Why Rolling Meadows -- but not Arlington Heights -- got tax proceeds from Bears land deal
The state of Illinois and Cook County reaped nearly $300,000 in taxes from the Chicago Bears' purchase of Arlington Park, but -- because of the peculiarities of Illinois property tax code and decades-old annexations -- Rolling Meadows collected nearly $4,000 and Arlington Heights got nothing, the Daily Herald has learned.
The $197.2 million sale of the 326-acre racetrack that closed Feb. 15 provided $197,200.50 in real estate transfer taxes to state coffers, according to Illinois Department of Revenue records. The county got $98,600.25.
Both amounts were paid by the seller, Louisville, Kentucky-based Churchill Downs Inc.
But Churchill Downs' tax preparer at Sidley Austin had to fill out two separate state real estate transfer declaration documents: one for the 323.7-acre piece of property in Arlington Heights, and the other for a 2-acre sliver within Rolling Meadows' city limits.
For the small parcel -- located east of Rohlwing Road on the north side of Industrial Avenue, which leads to the old backstretch barns -- Rolling Meadows received $3,746.20, City Manager Rob Sabo confirmed.
About 70 municipalities in Illinois have a local transfer tax, including Rolling Meadows, which charges $3 for every $1,000 of the purchase price.
Rolling Meadows' tax has been on the books for decades. But Arlington Heights has never adopted such a tax.
Were the village to have had the same tax as its neighboring city, Arlington Heights would have collected more than $587,000 from the sale of the sprawling racetrack grounds.
"It would help, but we're confident that before this thing is all said and done, there's gonna be a significant amount of revenue generated from this site," said Arlington Heights Village Manager Randy Recklaus. "There will be opportunities to generate revenue for the village."
After changes to the property tax code in 1997 -- amid a heavy lobbying campaign by the Illinois Realtors association -- any new local transfer taxes by home-rule communities can be approved only by voters via referendum.
Recklaus said there isn't a high degree of likelihood that such a ballot measure could pass, since it would affect anyone selling a home in the village.
On the state level, transfer tax revenue is deposited into the Illinois Affordable Housing Trust Fund, the Open Space Lands Acquisition and Development Fund, and the Natural Area Acquisition Fund. Cook County and Rolling Meadows' tax revenue goes into general funds, officials said.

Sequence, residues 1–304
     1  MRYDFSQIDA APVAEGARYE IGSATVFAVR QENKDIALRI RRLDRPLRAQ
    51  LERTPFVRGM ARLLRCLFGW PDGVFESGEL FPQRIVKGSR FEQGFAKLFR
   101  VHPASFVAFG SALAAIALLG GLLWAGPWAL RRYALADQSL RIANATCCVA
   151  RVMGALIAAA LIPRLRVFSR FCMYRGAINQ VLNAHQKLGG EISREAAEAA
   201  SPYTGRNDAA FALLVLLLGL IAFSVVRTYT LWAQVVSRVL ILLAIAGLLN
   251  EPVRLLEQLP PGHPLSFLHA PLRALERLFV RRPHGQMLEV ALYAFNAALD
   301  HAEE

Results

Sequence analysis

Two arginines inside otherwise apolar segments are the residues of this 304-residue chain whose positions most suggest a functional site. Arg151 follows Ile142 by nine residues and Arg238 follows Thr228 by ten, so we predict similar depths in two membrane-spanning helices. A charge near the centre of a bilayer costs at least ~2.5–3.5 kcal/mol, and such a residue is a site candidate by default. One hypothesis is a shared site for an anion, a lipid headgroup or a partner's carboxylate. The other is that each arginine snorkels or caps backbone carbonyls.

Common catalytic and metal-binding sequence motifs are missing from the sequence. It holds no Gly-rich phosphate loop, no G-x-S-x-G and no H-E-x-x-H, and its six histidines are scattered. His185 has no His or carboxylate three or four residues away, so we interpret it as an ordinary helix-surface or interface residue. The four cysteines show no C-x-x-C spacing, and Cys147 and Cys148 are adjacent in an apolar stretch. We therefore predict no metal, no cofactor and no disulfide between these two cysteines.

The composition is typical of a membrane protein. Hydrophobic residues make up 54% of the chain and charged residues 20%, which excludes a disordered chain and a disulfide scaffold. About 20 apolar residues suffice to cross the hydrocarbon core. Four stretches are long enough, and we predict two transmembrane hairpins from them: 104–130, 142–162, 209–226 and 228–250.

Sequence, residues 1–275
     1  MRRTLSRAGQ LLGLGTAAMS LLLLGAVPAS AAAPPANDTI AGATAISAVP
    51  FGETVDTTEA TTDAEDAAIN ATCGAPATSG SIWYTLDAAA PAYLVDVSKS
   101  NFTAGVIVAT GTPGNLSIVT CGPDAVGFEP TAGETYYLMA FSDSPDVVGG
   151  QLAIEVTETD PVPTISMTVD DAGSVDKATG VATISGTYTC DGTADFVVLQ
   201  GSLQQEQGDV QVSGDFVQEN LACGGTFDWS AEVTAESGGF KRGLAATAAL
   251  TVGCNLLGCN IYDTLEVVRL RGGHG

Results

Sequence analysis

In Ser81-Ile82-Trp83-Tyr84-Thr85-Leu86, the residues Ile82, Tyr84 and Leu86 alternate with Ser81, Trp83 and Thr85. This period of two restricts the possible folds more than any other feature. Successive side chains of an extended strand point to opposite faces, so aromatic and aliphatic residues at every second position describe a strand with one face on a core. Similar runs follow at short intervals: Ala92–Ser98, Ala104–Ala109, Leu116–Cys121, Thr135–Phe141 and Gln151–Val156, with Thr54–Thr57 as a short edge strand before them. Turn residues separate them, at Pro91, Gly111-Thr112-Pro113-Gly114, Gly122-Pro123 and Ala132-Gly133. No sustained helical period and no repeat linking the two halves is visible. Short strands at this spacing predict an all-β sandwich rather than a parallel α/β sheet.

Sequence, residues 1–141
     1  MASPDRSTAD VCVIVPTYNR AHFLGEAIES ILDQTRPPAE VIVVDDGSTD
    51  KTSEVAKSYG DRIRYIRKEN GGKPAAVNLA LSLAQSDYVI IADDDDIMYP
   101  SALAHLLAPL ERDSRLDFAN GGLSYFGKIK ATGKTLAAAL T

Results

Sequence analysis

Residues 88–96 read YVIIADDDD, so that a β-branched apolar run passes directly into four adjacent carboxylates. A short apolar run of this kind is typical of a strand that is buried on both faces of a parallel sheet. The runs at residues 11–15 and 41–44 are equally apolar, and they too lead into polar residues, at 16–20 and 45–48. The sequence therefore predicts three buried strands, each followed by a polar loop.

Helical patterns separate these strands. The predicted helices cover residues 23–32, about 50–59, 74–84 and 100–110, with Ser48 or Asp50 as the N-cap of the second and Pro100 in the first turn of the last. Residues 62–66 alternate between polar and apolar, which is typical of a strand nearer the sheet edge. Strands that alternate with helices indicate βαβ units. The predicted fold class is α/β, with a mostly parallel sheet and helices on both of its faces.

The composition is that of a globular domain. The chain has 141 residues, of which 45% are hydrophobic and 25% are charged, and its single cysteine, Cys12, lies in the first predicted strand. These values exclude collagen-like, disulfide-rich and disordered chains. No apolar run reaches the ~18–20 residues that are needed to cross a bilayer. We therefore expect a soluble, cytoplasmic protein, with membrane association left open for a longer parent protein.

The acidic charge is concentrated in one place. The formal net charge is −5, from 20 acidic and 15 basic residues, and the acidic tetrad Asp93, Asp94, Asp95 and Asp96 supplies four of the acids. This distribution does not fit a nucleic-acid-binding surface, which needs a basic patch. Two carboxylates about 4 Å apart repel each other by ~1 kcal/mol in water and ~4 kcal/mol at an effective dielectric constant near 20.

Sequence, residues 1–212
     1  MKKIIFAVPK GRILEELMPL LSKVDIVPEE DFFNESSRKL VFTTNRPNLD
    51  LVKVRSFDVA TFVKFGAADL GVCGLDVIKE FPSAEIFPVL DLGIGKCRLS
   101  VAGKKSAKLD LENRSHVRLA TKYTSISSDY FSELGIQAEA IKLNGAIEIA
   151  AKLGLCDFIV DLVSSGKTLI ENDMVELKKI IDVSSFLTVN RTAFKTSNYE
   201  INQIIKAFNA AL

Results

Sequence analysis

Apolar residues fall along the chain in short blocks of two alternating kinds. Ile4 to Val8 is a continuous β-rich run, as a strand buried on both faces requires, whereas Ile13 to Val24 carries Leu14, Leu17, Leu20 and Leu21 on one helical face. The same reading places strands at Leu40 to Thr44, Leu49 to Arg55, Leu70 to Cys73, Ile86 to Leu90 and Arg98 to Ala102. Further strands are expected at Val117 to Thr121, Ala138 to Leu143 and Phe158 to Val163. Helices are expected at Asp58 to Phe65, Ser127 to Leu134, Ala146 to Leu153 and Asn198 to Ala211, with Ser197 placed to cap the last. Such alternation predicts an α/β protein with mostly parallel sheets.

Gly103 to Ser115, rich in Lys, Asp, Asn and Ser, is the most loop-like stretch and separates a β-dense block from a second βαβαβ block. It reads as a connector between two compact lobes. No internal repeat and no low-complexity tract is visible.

Meanwhile, the revelation that one of the five parcels in the Bears' Arlington Park land purchase is outside Arlington Heights' village limits has implications for the complex zoning and entitlement process the NFL franchise has only just begun.
Rolling Meadows has authority -- including zoning and permitting -- over the vacant parcel, so if the Bears propose to do any development or construction work on it, those plans would be subject to review by the city, Sabo said.
The traffic light at Rohlwing and Industrial -- in the shadow of the Route 53 bridge -- is controlled by Rolling Meadows, while the roadway that leads to the old stables at Arlington Park is a private drive and had been maintained by the racetrack.
The Bears' conceptual redevelopment plans show the street being used for primary vehicle circulation to the stadium, with landscaping on either side of the road.
Charles Witherington-Perkins, Arlington Heights' director of planning and community development, said he and village officials have promised to work with Rolling Meadows and the other units of local government that would be affected by the Bears' redevelopment.
"(Industrial Avenue) will probably have to be improved anyway, and there's going to be so many other things that we'll be talking with our neighbors, Rolling Meadows and Palatine, and others about when we get to that point and when the Bears submit plans," he said.
How the small strip of land ended up in Rolling Meadows' jurisdiction likely goes back to when much -- but not all -- of the property was annexed into Arlington Heights from Rolling Meadows in 1969.
The plat of annexation recorded on Nov. 4 of that year shows three large parcels being brought into Arlington Heights, including the south side of Industrial Avenue, while the north side of the street remains in Rolling Meadows.